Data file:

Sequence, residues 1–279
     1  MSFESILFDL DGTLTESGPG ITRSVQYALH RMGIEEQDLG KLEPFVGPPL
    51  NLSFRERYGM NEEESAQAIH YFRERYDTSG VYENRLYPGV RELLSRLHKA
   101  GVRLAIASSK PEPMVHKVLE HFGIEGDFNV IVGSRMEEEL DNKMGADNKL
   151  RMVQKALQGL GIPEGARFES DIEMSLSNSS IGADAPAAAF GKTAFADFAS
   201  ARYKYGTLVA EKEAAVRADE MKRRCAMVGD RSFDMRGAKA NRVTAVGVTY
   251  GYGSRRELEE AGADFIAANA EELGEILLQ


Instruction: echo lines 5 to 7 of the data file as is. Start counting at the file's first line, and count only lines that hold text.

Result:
   151  RMVQKALQGL GIPEGARFES DIEMSLSNSS IGADAPAAAF GKTAFADFAS
   201  ARYKYGTLVA EKEAAVRADE MKRRCAMVGD RSFDMRGAKA NRVTAVGVTY
   251  GYGSRRELEE AGADFIAANA EELGEILLQ